Split-Half Reliability

Step 1: Divide the test into equivalent halves.

Step 2: Compute a Pearson r between scores on the two halves of the test.

Step 3: Adjust the half-test reliability using the Spearman-Brown formula


Spearman-Brown Formula

  • used to estimate how much a test's reliability will increase when the length of the test is increased by adding parallel items
  • where L = the number of times longer the new test will be
  • estimate of SEM for different test lengths can be obtained using

Cronbach's Alpha (a)

If we compute one split-half reliability and then randomly divide the items into another set of split halves and recompute, we can keep doing this until we have computed all possible split half estimates of reliability. Cronbach's Alpha is the geek equivalent to the average of all possible split-half estimates (although that's not how we do it.)

In saying we compute all possible split-half estimates, it doesn't mean that each time we go and actually measure a new sample! Instead, we calculate all split-half estimates from the same sample. Because we measured all of our sample on each of the six items, all we have to do is have the computer analyze the random subsets of items and compute the resulting correlations.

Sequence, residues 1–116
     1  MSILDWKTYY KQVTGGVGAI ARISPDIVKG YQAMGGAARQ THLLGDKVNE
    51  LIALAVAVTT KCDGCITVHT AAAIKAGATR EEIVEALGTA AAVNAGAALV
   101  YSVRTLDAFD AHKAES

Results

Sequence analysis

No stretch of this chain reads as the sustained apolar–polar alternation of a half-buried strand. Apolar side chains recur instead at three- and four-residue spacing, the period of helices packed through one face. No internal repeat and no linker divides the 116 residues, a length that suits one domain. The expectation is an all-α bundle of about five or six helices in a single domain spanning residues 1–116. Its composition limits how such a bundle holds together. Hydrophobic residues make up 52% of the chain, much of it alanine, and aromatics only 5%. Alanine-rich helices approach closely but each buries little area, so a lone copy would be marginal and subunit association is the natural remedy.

The figure shows several of the split-half estimates for our six item example and lists them as SH with a subscript. Just keep in mind that although Cronbach's Alpha is equivalent to the average of all possible split half correlations we would never actually calculate it that way.


Rulon's Split-half Method

  • Split test into two halves and create half-test scores
  • Compute the difference between half-test scores
  • Compute the variances of differences and total scores
  • reliability estimate =